It’s Just a Tooling Problem
My case for a little restraint may well appear weak with the counter-argument being that frequent check-ins are A Good Thing and what I describe is just a problem with the VCS tool (or my inability to drive it sufficiently well). And you’d have a point. But the VCS tools I’ve uses to date are all focused around managing single (hopefully atomic) change-sets; they do not provide an easy way for you to view the multiple change-sets that constitute “a feature” as a single set. To me “multiple change-sets” sounds awfully like what you’d use a feature/private branch for… The question then becomes “how many check-ins before I should have created a separate branch”?
The Extreme Case
In case I still haven’t made a compelling argument then perhaps the following extreme case will help you see where I’m coming from, and remember that I’m talking about doing this in an integration branch:-
Every check-in should be atomic and what is checked in shouldn’t break the build or destabilise the codebase if at all possible. That means that when writing a new feature, using a process like TDD, I could check in my changes every time I write a passing test.
I would contend that doing this adds a significant amount of noise to an integration branch, and that if you want to keep every little step you make then you should create your own branch and commit to that instead. Then integrate your changes on a less frequent basis, but still frequent enough that you avoid integration issues.
DVCS to the Rescue?
One technique I’ve yet to explore is to layer a DVCS like Git or Mercurial on top of Subversion to use as a private branch repository. This sounds attractive from the noise perspective, but I wouldn’t want to give up the check-in history of the small steps entirely in case it’s useful some time in the future. I know there are a few ACCU members who are well versed in this area and so I shall have to see whether there is more to this way of working than meets the eye.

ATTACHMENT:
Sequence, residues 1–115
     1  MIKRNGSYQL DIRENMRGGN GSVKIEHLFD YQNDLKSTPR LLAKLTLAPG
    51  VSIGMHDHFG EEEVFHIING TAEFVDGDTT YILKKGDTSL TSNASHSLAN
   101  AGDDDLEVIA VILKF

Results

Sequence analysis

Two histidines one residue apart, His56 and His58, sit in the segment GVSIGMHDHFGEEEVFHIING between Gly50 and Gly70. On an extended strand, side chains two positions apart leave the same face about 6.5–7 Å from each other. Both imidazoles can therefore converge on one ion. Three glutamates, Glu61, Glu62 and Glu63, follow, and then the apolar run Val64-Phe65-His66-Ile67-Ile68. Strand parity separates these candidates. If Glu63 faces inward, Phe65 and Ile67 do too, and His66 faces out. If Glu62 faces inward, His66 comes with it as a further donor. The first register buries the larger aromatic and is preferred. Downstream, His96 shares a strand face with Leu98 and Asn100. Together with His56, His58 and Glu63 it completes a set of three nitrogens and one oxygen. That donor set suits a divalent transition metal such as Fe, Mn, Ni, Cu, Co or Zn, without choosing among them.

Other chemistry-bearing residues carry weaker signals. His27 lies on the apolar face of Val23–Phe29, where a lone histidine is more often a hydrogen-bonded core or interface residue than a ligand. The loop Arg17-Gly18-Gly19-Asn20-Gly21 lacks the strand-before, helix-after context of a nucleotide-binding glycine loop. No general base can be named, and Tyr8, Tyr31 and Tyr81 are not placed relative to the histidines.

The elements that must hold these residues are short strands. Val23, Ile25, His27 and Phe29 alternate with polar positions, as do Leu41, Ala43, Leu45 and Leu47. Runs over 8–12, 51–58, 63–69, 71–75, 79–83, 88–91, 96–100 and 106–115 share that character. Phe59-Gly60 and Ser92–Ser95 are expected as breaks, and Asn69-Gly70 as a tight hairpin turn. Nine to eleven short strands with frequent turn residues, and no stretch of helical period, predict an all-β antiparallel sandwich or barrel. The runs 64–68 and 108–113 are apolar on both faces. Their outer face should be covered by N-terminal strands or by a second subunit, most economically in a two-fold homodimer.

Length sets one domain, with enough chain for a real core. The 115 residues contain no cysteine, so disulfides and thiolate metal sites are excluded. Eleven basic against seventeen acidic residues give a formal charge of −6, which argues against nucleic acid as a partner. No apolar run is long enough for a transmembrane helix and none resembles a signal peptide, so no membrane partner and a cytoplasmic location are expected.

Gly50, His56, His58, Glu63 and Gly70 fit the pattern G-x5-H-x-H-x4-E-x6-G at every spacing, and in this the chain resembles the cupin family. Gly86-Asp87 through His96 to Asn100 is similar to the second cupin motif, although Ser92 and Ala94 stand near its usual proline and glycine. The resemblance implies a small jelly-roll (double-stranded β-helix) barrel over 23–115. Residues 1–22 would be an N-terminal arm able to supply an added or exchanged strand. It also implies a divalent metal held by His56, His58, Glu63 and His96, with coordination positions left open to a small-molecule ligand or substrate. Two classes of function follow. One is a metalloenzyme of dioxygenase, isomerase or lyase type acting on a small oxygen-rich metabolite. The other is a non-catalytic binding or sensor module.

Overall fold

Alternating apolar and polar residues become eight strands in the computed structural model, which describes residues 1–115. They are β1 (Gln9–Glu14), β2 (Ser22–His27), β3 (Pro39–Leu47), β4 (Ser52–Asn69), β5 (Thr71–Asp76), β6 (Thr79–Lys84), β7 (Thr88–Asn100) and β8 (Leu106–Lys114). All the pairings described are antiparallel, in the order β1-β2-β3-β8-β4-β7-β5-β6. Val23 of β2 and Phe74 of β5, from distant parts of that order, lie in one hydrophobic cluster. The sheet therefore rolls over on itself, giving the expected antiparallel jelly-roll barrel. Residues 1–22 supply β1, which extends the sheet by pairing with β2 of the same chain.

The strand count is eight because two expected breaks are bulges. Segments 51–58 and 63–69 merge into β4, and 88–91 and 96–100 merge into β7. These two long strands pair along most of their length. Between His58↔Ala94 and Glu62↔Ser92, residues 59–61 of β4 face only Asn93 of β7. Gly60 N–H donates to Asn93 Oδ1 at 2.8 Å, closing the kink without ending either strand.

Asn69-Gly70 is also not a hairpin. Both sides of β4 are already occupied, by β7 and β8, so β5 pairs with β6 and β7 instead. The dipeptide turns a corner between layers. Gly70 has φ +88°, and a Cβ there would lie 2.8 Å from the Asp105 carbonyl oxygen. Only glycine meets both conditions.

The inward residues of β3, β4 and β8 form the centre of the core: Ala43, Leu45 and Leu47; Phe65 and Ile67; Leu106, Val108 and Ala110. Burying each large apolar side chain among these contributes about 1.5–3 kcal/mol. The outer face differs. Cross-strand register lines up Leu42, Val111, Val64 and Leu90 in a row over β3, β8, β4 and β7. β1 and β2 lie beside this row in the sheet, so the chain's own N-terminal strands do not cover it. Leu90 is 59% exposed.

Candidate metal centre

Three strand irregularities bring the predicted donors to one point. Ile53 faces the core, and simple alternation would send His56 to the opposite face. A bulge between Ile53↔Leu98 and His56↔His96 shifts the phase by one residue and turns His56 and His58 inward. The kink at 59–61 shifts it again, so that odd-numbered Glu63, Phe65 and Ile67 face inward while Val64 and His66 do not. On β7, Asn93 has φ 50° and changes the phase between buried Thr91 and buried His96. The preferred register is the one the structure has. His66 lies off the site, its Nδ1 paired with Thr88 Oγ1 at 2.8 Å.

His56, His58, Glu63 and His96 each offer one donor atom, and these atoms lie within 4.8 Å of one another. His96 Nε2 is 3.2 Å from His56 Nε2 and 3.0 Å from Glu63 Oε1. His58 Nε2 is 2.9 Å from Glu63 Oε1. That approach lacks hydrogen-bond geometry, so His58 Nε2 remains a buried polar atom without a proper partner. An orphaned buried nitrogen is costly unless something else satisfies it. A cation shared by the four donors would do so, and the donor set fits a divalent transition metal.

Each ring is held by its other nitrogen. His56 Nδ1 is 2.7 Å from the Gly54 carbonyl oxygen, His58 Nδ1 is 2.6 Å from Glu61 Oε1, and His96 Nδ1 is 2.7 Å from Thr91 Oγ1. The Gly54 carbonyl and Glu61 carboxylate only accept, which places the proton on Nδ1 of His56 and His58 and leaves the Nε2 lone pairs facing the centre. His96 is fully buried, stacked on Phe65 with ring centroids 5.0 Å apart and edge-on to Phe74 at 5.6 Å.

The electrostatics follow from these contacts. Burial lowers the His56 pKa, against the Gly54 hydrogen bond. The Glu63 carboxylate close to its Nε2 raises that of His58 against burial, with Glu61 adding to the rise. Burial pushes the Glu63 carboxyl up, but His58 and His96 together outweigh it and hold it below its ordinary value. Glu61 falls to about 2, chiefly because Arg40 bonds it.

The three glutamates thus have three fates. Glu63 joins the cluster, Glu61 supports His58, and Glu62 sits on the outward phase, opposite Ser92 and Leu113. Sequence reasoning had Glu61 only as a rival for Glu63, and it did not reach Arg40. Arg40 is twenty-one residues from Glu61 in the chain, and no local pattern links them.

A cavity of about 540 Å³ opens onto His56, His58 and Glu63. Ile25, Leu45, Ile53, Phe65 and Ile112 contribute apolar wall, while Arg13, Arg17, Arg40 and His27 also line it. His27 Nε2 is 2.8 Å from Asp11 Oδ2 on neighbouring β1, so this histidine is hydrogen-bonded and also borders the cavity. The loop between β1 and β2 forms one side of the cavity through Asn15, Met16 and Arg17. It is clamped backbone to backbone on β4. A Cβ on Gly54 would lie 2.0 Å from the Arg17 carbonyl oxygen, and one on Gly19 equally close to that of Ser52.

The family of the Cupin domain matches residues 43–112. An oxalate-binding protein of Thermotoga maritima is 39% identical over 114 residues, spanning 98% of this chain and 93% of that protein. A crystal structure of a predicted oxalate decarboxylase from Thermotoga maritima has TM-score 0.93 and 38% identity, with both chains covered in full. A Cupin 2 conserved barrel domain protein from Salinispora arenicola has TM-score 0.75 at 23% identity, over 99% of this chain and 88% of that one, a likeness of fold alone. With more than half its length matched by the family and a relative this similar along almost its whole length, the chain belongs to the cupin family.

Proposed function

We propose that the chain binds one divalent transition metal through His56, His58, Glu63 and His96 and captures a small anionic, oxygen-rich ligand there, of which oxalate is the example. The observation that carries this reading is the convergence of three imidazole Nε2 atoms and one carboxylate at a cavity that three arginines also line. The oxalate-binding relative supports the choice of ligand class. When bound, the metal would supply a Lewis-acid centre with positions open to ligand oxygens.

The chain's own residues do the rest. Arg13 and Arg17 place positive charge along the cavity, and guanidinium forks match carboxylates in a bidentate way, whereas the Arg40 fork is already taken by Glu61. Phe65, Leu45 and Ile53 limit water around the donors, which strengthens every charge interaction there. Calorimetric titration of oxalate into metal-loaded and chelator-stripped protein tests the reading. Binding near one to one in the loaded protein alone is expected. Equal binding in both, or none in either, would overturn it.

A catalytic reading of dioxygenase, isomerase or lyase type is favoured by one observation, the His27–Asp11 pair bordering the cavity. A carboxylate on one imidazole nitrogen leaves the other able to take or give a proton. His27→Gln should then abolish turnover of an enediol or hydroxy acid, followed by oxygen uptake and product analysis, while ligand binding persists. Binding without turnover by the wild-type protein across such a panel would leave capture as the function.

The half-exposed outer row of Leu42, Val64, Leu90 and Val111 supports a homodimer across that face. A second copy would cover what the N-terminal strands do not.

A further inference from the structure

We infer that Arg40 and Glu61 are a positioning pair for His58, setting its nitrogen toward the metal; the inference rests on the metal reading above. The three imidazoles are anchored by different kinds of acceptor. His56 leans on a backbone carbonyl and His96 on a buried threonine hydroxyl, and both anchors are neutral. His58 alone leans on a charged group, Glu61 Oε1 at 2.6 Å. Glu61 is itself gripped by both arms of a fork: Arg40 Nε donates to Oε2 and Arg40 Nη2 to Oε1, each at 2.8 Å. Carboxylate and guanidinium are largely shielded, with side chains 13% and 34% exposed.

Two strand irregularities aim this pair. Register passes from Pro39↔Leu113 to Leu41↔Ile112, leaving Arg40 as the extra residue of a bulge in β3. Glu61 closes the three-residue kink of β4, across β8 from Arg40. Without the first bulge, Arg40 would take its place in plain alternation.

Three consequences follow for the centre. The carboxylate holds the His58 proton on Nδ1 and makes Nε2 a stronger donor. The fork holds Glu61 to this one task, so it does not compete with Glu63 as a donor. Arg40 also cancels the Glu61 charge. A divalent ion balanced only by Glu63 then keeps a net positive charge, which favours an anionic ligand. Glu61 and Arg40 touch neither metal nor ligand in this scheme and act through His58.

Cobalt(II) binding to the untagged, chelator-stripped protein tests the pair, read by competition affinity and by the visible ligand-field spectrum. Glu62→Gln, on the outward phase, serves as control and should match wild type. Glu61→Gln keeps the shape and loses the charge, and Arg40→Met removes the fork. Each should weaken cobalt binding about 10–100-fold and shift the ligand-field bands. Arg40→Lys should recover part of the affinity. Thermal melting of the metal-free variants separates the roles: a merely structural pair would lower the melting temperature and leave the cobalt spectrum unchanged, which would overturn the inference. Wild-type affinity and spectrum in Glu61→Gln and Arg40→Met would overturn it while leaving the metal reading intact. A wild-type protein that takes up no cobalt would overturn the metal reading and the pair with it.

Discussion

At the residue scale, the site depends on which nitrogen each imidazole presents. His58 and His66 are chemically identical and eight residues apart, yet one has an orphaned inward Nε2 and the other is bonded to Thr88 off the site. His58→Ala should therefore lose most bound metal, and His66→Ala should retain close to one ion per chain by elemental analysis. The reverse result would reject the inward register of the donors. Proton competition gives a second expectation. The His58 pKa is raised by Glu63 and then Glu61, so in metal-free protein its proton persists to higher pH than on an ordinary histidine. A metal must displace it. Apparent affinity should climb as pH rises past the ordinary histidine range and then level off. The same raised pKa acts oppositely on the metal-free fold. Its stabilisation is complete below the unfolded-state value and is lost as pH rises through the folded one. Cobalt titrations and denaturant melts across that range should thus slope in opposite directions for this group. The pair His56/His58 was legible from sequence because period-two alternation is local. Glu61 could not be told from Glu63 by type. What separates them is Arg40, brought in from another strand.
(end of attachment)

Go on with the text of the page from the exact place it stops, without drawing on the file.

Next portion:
Show Me the Money
So, putting my Tom Gilb hat on I feel compelled to somehow quantify what I feel is too often and what is too little. When you’re in maintenance mode a lot of features may literally only take minutes or hours to write and so there are natural points of integration already built-in. The basis for this post though was about significant new features because there are far less checks-and-balances (e.g. regression testing) in play to stem the natural flow of commits because you having nothing to break. In this case I would look to break the task down to see if there are any natural points where I can deliver sizeable chunks (1/2 day - 1 day) of complete functionality so that it can be pushed into system test sooner and I can then reap the system testing benefits in the background. If there is absolutely no way I can deliver something concrete without destabilising the system, or if I know I could be experimenting, only then will I resort to a private branch and only for the destabilising change. Once I can get back to delivering large chunks directly into the integration branch I will.
In essence what seems to have driven the upper limit of the commit frequency for me in recent years is the rate at which system testing occurs. Even in this day and age of unit testing and continuous integration “getting something in the build” is still something to aim for when a build, deployment and end-to-end test takes hours.
[+] This is as often as possible. In theory, on the sorts of systems I work on, it would be great for it to happen automatically after each end-to-end run so that we have a continuous cycle of build, deploy, do an end-to-end run, rinse & repeat. In practice it ends up being largely automated, with the manual element being the decision to run the cycle to ensure the highest chance of getting a successful end-to-end run.
[#] I remember one very curious piece of code that changed rapidly and had lots of simple check-ins that seemed to be trying to workaround some kind of memory management problem. I came across it whilst trying to fix a very large memory leak and from the VCS log I could deduce that the programmer was trying to emulate a weak pointer with a non-weak one, hence the eventual leak.